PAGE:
Peter Drucker, business genius, once said, “The aim of marketing is to know and understand the customer so well the product or service fits him and sells itself.” That concept essentially defines marketing as early stage selling, but since Drucker’s time, many companies have divided marketing and selling into separate disciplines, rather than realizing that they are essentially just different points on the continuum of bringing the customer to the business.
While popular wisdom often cites the statistic that 70 percent of the sales process is completed by the time a customer speaks to a sales rep, recent research from the ITSMA shows that in fact, 70 percent of prospects want to engage with a sales rep before they even decide on their short list. How can such opposite viewpoints exist in the same universe?
The answer is that with the rise in social media marketing, companies and prospects form relationships with potential vendors well in advance of the time they enter the formal sales funnel. They research a company’s website; they read product and service reviews, and they follow the companies they are considering on Facebook or other sites. Obviously, it’s important for marketing to have a cohesive and compelling strategy that helps move the customer through the sales funnel until they are ready to engage with an inside sales rep on a more formal basis.
It’s also important for inside sales reps to have a social media presence. One of the things that prospects evaluate is the sales rep’s reputation as well as the brand’s reputation. Customers know that they will be spending most of their time with their account rep and they want to be certain that the rep is as trustworthy and reliable as the brand itself.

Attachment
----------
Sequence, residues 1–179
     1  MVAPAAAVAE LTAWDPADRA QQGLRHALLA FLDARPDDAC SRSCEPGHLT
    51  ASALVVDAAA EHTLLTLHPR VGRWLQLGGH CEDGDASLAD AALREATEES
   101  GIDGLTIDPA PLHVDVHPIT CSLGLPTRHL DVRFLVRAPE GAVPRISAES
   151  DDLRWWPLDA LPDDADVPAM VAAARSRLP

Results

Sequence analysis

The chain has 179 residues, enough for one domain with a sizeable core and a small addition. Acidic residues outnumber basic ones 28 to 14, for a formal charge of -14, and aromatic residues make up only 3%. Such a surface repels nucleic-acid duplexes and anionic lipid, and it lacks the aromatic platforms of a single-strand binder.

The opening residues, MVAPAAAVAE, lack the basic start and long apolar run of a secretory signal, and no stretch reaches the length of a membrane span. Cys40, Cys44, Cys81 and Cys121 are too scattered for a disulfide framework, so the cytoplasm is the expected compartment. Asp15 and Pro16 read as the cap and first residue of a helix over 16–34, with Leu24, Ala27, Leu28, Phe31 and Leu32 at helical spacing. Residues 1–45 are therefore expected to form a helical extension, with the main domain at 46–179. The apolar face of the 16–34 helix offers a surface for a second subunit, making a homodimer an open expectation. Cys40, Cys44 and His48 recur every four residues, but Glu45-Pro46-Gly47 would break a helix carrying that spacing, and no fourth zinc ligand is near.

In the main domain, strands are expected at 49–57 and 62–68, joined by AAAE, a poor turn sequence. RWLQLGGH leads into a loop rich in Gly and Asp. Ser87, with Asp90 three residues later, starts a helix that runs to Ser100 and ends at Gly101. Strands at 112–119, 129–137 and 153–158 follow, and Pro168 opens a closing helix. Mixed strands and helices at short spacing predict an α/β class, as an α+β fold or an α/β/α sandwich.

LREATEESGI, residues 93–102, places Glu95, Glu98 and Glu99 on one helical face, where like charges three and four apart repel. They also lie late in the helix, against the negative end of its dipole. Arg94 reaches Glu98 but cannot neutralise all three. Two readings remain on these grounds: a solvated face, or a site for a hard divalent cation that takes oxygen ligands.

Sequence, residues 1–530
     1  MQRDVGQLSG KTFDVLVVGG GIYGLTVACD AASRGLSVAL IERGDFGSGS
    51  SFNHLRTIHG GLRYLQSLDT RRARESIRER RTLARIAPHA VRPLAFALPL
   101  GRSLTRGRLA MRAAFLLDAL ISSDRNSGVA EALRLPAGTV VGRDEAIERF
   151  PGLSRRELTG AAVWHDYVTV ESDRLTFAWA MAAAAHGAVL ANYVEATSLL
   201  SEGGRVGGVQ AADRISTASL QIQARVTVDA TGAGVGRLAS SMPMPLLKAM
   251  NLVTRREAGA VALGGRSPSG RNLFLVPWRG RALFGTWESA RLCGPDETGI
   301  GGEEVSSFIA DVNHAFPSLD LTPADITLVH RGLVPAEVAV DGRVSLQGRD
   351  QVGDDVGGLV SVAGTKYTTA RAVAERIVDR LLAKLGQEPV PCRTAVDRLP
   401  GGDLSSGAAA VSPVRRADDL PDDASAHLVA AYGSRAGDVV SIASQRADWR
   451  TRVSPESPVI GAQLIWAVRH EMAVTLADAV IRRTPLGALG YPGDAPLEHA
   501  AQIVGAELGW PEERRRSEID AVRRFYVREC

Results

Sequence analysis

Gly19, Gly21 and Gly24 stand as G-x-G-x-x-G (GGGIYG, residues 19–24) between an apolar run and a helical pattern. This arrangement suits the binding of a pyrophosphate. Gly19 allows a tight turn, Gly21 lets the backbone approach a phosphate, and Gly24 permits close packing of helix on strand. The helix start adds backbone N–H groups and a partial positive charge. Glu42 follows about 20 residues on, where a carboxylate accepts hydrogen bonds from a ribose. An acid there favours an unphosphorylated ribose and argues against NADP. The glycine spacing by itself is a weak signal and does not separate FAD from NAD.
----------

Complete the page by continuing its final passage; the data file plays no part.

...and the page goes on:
Sales reps can no longer afford to sit back and wait for marketing to deliver qualified leads so they can simply close the deal. Instead, sales reps need to take an active part in pre-selling their brand, product or service, and their own reputation. The rep’s own social media presence may be as important as the product’s or the brand’s reputation when it comes to landing on the short list.
The story that marketing weaves about the product and the brand in its content marketing must be consistent in every tweet and every post to march the prospect through the steps in the sales funnel. In addition, the rep may need to promote his or her online reputation and support the brand story with social media engagement to ensure that prospects feel comfortable adding the product to their short lists.
This means that more than ever before, marketing and sales are intertwined. Marketing must use its best strategy and its social media presence to attract the prospect and encourage engagement with the brand. Simultaneously the inside sales rep should be building engagement and brand reputation that also supports and enhances the company brand. When done correctly, marketing and sales are truly two sides of the same coin united in the task of bringing a customer to the business.